These rules emerged from the criminal law stable, and as a result they are quite broad in scope and fairly permissive in nature. On the whole they are not well-developed, and certainly not as well-developed as rules relating to extraterritorial jurisdiction that have been developed by the courts of various states for use in their domestic legal systems. (38) Historically they have worked fairly well in the criminal law sphere, where the reasonably rare inter-state conflicts tended to be resolved via negotiation between prosecutorial authorities or governments; one does not see a surfeit of cases before the International Court of Justice regarding criminal jurisdiction. (39) However, they have worked less well for private law disputes. Certainly they are binding upon all state exercises of jurisdiction in private international law, whether it be legislative, enforcement, or adjudicative. However, in private international law cases the interests presented are more economic than public order-oriented, and thus the major players reasonably desire and demand predictability. (40) As a result, national systems of private international law (or conflicts of law) are much more detailed and nuanced than the more indeterminate and malleable public international law rules, (41) in "recognition that civil jurisdiction is not merely an exercise of State power, but also a means of resolving private disputes." (42) Public international law principles have informed the growth and development of private international law principles, particularly in those areas where public law legislation is privately enforced, such as securities, anti-competition and intellectual property laws. There are also specific public international law treaties which facilitate inter-state cooperation in private law disputes, though these are more in the way of basic machinery (43) rather than assisting in jurisdictional selection. On the whole, however, most commentators note that there has been a commingling and confluence between the rules of jurisdiction as they apply purely to public matters and as they apply to private law matters, (44) particularly regarding the Internet. (45) Accordingly, we will discuss jurisdiction in various areas of substantive law throughout this paper, but always with an eye to their impact on the overall international law of jurisdiction. (46)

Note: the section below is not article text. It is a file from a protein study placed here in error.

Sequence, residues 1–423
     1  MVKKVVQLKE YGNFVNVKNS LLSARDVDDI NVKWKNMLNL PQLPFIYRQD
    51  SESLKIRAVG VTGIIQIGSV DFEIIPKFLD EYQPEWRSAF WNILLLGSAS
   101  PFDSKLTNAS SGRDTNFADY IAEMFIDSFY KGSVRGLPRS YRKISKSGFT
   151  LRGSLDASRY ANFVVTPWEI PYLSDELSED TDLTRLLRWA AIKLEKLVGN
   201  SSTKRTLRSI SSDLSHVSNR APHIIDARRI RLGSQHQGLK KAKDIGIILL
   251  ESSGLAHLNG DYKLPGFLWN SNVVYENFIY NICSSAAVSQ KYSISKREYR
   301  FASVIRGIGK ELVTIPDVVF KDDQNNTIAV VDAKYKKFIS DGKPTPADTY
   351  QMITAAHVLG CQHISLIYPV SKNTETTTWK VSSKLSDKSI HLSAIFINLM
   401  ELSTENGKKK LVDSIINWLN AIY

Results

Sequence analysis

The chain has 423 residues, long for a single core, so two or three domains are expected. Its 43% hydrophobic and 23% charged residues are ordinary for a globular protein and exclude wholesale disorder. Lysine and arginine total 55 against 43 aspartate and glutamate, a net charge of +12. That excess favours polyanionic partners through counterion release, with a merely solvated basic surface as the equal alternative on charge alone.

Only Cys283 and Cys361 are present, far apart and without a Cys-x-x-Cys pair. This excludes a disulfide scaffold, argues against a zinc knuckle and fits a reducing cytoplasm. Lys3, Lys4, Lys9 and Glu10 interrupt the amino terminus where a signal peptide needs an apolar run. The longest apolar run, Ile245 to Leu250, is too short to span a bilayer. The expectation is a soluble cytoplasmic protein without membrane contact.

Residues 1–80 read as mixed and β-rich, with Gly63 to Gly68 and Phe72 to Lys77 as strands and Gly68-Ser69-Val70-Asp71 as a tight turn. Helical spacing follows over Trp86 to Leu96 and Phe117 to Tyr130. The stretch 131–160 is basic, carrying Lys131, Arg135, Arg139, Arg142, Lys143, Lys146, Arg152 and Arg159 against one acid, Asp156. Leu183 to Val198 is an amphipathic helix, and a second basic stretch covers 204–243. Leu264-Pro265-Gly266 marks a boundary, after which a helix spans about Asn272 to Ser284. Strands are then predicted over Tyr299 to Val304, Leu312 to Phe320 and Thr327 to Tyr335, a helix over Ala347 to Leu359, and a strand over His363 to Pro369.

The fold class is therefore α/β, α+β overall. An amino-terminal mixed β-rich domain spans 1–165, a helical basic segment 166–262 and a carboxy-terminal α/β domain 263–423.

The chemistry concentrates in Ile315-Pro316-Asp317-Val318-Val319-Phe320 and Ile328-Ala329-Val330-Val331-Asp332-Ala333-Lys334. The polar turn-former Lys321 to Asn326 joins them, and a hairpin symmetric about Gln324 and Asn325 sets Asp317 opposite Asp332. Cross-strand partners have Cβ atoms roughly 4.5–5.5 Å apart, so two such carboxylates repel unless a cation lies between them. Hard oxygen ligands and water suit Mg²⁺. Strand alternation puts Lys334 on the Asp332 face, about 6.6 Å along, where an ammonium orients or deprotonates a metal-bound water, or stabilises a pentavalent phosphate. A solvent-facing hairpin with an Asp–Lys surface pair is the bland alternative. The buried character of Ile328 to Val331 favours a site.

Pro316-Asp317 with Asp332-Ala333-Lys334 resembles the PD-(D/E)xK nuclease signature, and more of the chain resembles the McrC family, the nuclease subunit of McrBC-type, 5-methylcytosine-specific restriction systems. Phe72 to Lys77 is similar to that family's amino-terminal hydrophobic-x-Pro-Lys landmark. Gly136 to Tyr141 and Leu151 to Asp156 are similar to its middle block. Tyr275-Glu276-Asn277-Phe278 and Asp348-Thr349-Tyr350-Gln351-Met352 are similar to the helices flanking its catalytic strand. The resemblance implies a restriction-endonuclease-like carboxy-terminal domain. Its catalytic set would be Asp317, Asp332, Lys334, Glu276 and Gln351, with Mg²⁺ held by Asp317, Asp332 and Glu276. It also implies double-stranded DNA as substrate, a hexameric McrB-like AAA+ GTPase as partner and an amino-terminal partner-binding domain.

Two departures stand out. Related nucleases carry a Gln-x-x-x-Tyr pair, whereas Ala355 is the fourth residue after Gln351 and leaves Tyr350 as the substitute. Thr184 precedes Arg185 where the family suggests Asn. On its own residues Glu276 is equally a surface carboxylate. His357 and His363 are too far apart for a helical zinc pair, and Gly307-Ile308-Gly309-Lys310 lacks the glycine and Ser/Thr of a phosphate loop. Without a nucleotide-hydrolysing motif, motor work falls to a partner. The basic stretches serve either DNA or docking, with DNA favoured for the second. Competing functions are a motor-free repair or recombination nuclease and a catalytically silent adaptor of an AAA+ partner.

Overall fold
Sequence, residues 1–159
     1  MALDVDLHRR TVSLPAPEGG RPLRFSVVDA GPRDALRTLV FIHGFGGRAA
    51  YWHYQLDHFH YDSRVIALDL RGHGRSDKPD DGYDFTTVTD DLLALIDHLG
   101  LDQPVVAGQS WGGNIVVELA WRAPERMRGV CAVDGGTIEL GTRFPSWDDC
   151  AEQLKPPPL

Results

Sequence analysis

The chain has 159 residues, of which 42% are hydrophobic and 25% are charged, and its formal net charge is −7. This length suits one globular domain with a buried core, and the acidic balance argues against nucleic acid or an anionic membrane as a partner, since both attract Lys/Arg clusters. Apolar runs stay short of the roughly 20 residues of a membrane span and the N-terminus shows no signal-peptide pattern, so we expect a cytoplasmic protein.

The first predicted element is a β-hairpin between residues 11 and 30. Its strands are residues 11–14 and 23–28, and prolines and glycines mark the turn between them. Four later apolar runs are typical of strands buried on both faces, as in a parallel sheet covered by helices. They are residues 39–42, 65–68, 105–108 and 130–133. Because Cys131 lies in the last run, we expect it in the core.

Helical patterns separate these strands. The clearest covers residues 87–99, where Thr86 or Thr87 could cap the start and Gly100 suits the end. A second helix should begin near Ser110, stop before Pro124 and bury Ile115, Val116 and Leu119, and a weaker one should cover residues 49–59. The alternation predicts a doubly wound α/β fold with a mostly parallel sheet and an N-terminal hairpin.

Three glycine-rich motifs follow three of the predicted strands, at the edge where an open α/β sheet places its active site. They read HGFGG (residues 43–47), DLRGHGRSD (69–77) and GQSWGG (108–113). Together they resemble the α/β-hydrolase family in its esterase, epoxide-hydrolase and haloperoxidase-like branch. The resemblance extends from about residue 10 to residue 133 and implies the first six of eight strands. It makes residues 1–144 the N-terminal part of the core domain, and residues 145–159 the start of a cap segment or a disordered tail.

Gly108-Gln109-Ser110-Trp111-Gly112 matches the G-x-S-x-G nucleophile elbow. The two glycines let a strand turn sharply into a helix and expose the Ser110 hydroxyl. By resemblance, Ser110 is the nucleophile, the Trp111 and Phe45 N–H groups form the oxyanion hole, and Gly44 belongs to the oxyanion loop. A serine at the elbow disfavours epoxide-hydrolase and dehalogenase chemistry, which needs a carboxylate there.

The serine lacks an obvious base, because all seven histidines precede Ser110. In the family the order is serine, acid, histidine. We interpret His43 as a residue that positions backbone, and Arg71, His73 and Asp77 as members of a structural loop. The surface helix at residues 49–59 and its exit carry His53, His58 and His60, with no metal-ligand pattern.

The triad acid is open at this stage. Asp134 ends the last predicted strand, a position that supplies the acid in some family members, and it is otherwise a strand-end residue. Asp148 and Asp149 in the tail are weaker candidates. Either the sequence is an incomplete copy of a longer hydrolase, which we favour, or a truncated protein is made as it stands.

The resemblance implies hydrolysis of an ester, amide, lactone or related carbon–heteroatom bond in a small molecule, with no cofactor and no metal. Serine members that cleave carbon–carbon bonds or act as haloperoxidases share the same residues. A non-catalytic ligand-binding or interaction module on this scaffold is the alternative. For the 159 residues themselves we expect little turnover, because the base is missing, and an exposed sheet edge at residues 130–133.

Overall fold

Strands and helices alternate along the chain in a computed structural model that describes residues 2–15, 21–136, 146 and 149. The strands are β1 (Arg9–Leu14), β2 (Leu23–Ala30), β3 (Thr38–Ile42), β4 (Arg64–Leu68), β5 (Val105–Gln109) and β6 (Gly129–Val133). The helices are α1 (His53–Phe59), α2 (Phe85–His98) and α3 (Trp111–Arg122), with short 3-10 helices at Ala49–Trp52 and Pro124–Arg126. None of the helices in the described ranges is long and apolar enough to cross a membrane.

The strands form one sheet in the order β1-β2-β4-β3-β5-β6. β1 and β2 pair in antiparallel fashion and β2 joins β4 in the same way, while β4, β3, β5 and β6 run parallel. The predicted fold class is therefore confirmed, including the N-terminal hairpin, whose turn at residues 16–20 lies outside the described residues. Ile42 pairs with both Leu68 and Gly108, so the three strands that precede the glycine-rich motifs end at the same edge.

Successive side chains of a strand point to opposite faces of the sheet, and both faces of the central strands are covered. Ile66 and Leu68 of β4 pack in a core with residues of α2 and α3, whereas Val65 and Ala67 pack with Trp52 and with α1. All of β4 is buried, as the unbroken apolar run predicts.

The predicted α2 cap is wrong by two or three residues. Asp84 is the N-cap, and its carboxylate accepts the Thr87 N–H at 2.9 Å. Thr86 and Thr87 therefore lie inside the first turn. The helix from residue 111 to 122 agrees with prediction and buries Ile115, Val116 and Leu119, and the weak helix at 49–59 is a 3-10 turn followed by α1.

Another point to which we will return is that states often seek to manage the exercise of jurisdiction and head off disputes by concluding treaties, both bilateral and multilateral, on particular subject matters which contain obligations regarding the coordination of exercising jurisdiction. Again, the most prominent of these emerge from the criminal law field and are often referred to as the "suppression conventions," (47) examples being the UN Convention on Transnational Organized Crime (48) and the Terrorist Bombing Convention. (49) These treaties typically provide that each state party will criminalize a particular act, exercise jurisdiction over it on a number of bases (including those set out above), and importantly will agree to the exercise of extraterritorial jurisdiction by other state parties over the relevant offences, even if a given state does not typically exercise such jurisdiction. States forestall conflicts and coordinate …